my writing, photography and the occasional handicraft

Oct. 26, 1992


Meredith and I have made it
to Prague. A once-mighty city still
proudly painted, each building
telling a story in colored murals
of Valkaries and peasants,
fifty feet high.
A clock, older than time itself,
chimes out the hour.
Astrologically accurate, with planets
spinning perfectly and precisely
ticking seconds --
forgetting Galileo.
We buy sweet bread for
three Koronies:
three crowns worth two pennies,
and walk across the city
in one day. Mozart lived here.
He said the people understood him
though he spoke no Czech.
His house was in the countryside,
its grass-green hollows
and garden woodlands are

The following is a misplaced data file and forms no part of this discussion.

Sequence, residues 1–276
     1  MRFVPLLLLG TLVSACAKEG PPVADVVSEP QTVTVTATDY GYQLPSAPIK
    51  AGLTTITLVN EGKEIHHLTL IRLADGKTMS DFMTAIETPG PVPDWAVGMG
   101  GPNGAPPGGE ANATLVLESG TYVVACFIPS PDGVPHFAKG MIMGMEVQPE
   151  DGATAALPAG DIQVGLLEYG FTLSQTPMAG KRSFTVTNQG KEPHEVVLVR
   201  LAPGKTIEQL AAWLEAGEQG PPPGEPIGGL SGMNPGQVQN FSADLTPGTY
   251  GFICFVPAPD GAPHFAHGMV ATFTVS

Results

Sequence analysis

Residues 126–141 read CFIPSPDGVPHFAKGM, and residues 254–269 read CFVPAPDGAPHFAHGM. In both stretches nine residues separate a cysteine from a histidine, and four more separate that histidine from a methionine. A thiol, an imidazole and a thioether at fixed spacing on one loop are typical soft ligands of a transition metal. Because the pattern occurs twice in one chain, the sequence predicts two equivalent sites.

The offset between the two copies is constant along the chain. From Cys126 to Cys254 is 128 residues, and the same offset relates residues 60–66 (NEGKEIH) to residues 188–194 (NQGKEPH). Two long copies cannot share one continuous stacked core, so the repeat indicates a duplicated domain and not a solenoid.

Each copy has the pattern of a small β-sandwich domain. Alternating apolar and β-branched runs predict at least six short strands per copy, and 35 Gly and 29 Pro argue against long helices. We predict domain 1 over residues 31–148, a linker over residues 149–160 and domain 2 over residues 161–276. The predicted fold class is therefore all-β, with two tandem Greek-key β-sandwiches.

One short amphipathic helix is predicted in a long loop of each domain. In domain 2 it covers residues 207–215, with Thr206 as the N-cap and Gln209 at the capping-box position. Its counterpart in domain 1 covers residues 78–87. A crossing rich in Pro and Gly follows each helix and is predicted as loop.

surrounded now by slums.
Waiting under glass,
there is a harpsichord he might
have played. In the main square,
the clock chimes three times.
A skeleton pulls a string
that rings a bell,
that summons forth the wooden prophets
to parade before the tourists
in a city
in a country
where the people once believed,
like the men who built the clock,
that the sun
revolved around the Earth.

© Jessica Minier Mabe


2 Responses to “Poem: Prague”

  1. janinejewell

    Love, love, love this poem. Just really sums Prague up. Having been there last year and i must admit having gathered a bit of an obsession with this beautiful ancient city it was a lovely read. The clock in ould town square was amazing. As we stood under the clock waiting for the hour to strike we very lucky enough to witness a typical czech wedding that had just took place in the church below the clock. Truely a lovely piece of writing.


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